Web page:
The skull cap-clad terrorist is our favorite trope these days, but we need more than cursory bomb blasts and eerie Arabian muzak to make a film watchable.
The director tries to replicate his mentor, Karan Johar’s model - friendship, mush and a dazzling production. While the film looks good, it doesn’t quite have the same appeal
In ’Romeo Akbar Walter’, alas, the melodrama overpowers the narrative and what should ideally have been an exciting couple of hours at the theatre are nothing more than a laborious watch. Romeo Ali (played by John Abraham) has a mundane job as a bank employee, but he is good at theatrics and manages to make time for stage plays.
A young couple from the Hindi heartland, Mathura, opt for a live-in relationship before they decide to plunge into holy matrimony. The ‘Luka Chuppi’ (hide-and-seek) that follows with their family and the society in general makes for a fun ride peppered with some laugh-out-loud moments.
Soumik Sen’s ‘Why Cheat India’ is an attempt to expose what he considers to be the country’s flawed education system, and while it is a well-intentioned film, the narrative is marred by a labored pace and tepid treatment. Rakesh Singh aka Rocky, played competently by Emraan Hashmi, is a suave conman.
‘The Accidental Prime Minister’ is a bad film. Every character, with the lone exception of Akshaye Khanna, is unabashedly caricaturized. For the uninitiated, the film is based on Sanjaya Baru’s memoir of the same name.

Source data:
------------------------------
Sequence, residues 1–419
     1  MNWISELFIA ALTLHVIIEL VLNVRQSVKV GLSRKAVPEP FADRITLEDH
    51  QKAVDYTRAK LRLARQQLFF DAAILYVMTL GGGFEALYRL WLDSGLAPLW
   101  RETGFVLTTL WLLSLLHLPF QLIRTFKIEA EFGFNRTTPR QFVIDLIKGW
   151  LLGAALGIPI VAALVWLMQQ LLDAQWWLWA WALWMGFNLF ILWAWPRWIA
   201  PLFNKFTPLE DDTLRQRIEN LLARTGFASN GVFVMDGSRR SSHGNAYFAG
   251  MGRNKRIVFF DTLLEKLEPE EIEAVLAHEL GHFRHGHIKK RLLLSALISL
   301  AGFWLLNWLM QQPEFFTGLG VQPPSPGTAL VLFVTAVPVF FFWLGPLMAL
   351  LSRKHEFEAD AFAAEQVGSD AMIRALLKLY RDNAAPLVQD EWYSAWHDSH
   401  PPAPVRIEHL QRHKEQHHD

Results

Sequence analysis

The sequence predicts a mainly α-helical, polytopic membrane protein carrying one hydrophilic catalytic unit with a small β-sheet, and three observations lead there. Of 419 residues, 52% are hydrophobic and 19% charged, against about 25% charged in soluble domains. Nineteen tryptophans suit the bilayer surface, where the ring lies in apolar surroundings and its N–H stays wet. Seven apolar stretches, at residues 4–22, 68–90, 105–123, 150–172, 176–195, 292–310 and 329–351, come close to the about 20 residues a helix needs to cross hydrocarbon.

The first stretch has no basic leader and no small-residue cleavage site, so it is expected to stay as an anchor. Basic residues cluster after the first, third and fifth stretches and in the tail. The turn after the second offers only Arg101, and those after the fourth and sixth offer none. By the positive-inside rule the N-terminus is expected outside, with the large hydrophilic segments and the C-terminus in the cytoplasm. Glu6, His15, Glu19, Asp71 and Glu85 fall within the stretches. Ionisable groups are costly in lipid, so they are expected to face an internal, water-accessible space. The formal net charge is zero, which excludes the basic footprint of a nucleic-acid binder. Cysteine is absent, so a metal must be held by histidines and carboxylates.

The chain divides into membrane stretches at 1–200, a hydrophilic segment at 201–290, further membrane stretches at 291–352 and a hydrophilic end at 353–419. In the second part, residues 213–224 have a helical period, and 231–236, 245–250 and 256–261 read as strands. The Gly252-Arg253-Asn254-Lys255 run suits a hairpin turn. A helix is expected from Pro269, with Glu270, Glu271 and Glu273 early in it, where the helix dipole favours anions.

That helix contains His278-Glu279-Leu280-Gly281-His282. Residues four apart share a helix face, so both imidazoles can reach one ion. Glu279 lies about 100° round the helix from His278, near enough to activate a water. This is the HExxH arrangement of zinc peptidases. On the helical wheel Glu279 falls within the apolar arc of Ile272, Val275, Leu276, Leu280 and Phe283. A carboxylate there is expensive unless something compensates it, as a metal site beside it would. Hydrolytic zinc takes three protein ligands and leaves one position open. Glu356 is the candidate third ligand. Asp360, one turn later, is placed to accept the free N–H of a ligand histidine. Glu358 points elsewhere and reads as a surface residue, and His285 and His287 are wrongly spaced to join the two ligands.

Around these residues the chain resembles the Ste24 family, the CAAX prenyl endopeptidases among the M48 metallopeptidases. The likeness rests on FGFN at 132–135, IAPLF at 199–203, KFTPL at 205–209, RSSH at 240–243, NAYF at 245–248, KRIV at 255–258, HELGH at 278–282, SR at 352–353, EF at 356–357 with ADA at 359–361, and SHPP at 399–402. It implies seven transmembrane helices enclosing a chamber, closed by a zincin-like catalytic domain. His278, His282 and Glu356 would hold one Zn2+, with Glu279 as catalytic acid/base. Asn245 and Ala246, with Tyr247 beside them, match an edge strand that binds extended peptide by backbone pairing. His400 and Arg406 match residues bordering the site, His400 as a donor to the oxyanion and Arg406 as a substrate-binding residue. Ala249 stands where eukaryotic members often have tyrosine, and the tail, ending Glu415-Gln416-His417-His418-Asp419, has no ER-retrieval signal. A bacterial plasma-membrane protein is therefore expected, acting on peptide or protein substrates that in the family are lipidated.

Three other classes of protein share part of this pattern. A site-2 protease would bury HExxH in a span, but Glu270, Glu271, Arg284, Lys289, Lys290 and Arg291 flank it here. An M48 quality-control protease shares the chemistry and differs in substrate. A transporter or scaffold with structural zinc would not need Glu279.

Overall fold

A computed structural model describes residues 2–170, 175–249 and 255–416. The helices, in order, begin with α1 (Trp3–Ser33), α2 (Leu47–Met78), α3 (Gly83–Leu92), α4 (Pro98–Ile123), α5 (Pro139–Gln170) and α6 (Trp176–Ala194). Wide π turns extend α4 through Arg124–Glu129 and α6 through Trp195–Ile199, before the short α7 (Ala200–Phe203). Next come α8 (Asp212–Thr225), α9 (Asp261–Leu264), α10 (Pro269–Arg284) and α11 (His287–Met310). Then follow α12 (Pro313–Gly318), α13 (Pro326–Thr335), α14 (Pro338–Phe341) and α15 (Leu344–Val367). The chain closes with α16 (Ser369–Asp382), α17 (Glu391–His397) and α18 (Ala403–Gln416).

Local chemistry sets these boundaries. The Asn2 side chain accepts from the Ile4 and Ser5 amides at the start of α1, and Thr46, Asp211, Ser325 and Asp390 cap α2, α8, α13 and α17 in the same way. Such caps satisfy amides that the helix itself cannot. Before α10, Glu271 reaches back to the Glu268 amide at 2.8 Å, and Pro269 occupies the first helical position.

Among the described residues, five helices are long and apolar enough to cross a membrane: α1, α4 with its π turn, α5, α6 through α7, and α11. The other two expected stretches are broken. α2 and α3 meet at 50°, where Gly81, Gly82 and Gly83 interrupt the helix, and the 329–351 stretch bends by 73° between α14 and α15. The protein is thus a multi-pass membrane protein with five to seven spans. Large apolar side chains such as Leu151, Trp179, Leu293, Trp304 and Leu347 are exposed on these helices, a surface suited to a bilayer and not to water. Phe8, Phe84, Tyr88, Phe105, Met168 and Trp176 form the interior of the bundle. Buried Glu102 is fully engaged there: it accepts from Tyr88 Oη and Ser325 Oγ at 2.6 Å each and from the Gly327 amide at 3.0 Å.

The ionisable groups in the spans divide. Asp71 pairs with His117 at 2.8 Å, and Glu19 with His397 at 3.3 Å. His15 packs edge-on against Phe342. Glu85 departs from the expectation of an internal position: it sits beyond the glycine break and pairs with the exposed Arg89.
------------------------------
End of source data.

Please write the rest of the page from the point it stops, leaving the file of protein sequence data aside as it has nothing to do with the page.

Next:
‘Uri – The Surgical Strike’ is an engaging wartime film that strikes the right balance. Inspired by true events, this film does a commendable job of showcasing the precision with which the surgical strikes were carried out by the Indian Army. In 2016, four heavily armed terrorists attacked an Indian Army camp in a pre-dawn ambush.
‘Badhaai Ho’ is seasoned with a certain ‘Delhiness’ and is weaved together with lots of fun, laughter and a fine insight into traditional relationships in modern India.
Sriram Raghavan’s ‘Andhadhun’ is a delectable tale about deliciously evil characters. This story maintains its intrigue right to the end and spins edge-of-the-seat suspense as the plot unfolds.
‘Batti Gul Meter Chalu’ wants to showcase a pertinent issue, but trips on many roadblocks, much like a constantly tripping electricity connection in the small Uttarakhand town the story is set in.
If you ever had a tough time making up your mind about whom to love and found yourself being overruled by the heart time and again, this one is for you.
‘Stree’ is a horror comedy that keeps you completely entertained. Amar Kaushik’s debut film has a rare mix of really scary moments peppered with a generous dose of humour. Here’s how it unfolds: Residents of the small northern Indian town of Chanderi believe that a female ghost (Stree) visits every house during the four days of a local temple festival.